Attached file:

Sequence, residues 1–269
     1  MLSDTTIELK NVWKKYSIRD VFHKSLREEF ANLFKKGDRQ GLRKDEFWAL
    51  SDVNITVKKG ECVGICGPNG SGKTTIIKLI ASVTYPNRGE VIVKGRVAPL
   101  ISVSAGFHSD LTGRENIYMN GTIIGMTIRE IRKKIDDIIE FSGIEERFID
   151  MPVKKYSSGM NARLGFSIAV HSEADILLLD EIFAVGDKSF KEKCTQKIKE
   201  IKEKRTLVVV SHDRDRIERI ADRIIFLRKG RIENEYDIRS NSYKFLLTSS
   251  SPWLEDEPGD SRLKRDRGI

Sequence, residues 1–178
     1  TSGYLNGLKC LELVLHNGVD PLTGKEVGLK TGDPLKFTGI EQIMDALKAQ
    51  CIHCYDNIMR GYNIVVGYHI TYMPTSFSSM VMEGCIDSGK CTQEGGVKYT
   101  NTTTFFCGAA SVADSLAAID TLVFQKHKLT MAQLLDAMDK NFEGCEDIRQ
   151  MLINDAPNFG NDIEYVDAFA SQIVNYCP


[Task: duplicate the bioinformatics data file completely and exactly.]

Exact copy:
Sequence, residues 1–269
     1  MLSDTTIELK NVWKKYSIRD VFHKSLREEF ANLFKKGDRQ GLRKDEFWAL
    51  SDVNITVKKG ECVGICGPNG SGKTTIIKLI ASVTYPNRGE VIVKGRVAPL
   101  ISVSAGFHSD LTGRENIYMN GTIIGMTIRE IRKKIDDIIE FSGIEERFID
   151  MPVKKYSSGM NARLGFSIAV HSEADILLLD EIFAVGDKSF KEKCTQKIKE
   201  IKEKRTLVVV SHDRDRIERI ADRIIFLRKG RIENEYDIRS NSYKFLLTSS
   251  SPWLEDEPGD SRLKRDRGI

Sequence, residues 1–178
     1  TSGYLNGLKC LELVLHNGVD PLTGKEVGLK TGDPLKFTGI EQIMDALKAQ
    51  CIHCYDNIMR GYNIVVGYHI TYMPTSFSSM VMEGCIDSGK CTQEGGVKYT
   101  NTTTFFCGAA SVADSLAAID TLVFQKHKLT MAQLLDAMDK NFEGCEDIRQ
   151  MLINDAPNFG NDIEYVDAFA SQIVNYCP